Sex, Love & Obesity
Whatever you think the reasons for the current wave of obesity might be, the consequences are profound for all of us.
From increased health insurance premiums to personal illness such as diabetes, cancer, high blood pressure, cardiovascular disease, and high cholesterol, the consequences spread far and wide.
Yet one in three Americans is actually obese, and the proportion of the population who are in a similar situation in other westernized countries is probably not that much different.
I mean, you really have to ask why we tolerate such a situation, and perhaps the second question that occurs to me is "why are we allowing ourselves to experience lower sexual satisfaction because of obesity?"
Because the fact of the matter is that there is ample evidence that obesity, or even excess weight, significantly reduces both male and female sexual pleasure.
And while I don't want to be chauvinistic about this, the fact of the matter is that it's actually not very pleasant to make love to an obese, flabby body -- that much is an esthetic issue, but there's more to it than that.
In the May 2011 Issue of the Journal of Sex and Marital Therapy, Dr Giovanni Corona found that obesity is significantly associated with erectile dysfunction, low testosterone level and sexual responsivity to stimulation in men.
The simple fact of the matter is that the heavier you are as a man, the less you going to feel sexual urges, and the less likely you are to get a good erection.
But of course losing weight actually has a remedial effect on these problems: it turns out that even just losing 5 to 10% of body weight will cause significant improvement in erectile function -- which demonstrates that comparatively small changes in behavior and lifestyle will actually have major benefits to physical health and sexual pleasure.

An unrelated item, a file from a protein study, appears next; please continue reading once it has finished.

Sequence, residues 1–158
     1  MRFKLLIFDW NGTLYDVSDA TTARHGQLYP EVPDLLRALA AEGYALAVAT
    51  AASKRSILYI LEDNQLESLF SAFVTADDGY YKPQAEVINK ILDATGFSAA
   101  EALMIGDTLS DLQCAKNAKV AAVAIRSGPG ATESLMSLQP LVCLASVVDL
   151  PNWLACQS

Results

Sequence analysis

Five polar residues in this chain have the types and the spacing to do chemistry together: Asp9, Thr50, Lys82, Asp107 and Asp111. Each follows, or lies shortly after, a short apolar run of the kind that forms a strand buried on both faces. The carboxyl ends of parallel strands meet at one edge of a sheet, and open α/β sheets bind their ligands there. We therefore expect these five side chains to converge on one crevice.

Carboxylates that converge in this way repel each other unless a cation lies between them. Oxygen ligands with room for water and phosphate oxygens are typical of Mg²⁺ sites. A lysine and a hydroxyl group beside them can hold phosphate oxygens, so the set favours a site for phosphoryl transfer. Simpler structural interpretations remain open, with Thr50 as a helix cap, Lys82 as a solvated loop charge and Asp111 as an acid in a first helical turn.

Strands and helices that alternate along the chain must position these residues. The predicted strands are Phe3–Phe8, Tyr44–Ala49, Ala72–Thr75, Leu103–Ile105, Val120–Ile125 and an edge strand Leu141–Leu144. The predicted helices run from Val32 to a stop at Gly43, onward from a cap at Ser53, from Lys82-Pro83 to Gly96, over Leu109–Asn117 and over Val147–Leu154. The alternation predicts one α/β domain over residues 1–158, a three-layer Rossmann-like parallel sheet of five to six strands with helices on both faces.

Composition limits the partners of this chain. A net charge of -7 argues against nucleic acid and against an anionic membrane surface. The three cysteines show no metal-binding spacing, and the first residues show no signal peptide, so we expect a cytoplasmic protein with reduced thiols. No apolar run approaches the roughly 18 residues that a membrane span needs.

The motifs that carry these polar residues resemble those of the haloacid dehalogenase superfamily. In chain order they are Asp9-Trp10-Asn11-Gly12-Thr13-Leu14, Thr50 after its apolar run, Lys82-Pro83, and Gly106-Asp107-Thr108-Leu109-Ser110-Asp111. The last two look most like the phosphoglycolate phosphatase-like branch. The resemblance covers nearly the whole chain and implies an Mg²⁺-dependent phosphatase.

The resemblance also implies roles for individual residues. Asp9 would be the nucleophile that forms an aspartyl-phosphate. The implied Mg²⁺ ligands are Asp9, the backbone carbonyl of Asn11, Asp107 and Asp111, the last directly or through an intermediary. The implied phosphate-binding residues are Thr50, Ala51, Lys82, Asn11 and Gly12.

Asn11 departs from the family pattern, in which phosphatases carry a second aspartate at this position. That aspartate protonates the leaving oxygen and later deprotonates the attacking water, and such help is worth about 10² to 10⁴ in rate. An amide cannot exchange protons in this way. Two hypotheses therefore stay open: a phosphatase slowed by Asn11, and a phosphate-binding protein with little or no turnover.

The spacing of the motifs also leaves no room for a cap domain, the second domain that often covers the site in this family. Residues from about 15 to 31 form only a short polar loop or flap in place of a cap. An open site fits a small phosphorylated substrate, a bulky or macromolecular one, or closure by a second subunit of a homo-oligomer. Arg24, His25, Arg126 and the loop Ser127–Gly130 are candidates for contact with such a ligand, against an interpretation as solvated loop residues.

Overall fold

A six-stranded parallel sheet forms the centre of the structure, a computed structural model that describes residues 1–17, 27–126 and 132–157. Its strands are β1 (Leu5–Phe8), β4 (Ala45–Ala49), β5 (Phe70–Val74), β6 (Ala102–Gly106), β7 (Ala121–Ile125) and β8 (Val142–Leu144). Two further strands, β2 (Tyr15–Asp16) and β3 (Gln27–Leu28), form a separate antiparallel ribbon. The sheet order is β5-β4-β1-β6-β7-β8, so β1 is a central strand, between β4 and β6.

Significant issues arise when you talk about sexual pleasure and obesity or excess weight: the truth is that body image concerns are no different from men than they are for women, although it may be that men are slightly less susceptible to them.
But feeling unattractive, and looking unattractive, is a psychological issue that will make it difficult for people to feel sexual arousal, and that in turn will cause erectile issues and sexual desire problems.
So engaging in a diet or weight loss program to reduce obesity, or at least to reduce weight to a level which is acceptable, seems to have significant benefits in ways that we wouldn't necessarily expect.
Video - sex and obesity
And make no mistake about it, this is a serious issue: scientist working at Duke University medical centre found that what they euphemistically call a "tendency to avoid sexual activity" and "low performance" are up to 25 times worse persons who are overweight and even people whose weight is somewhat above the normal level.
Numerous studies have been conducted around the world which demonstrate the same, consistent findings: that physical training and loss of weight can help improve sexual function in almost all men.
Studies have demonstrated very clearly that there's actually a very significant difference in the quality of the sex life of obese and normal weight persons -- a fact which seems hardly surprising if you let your imagination run riot just for a moment on what making love to an obese person might be like -- particularly if you yourself are also obese.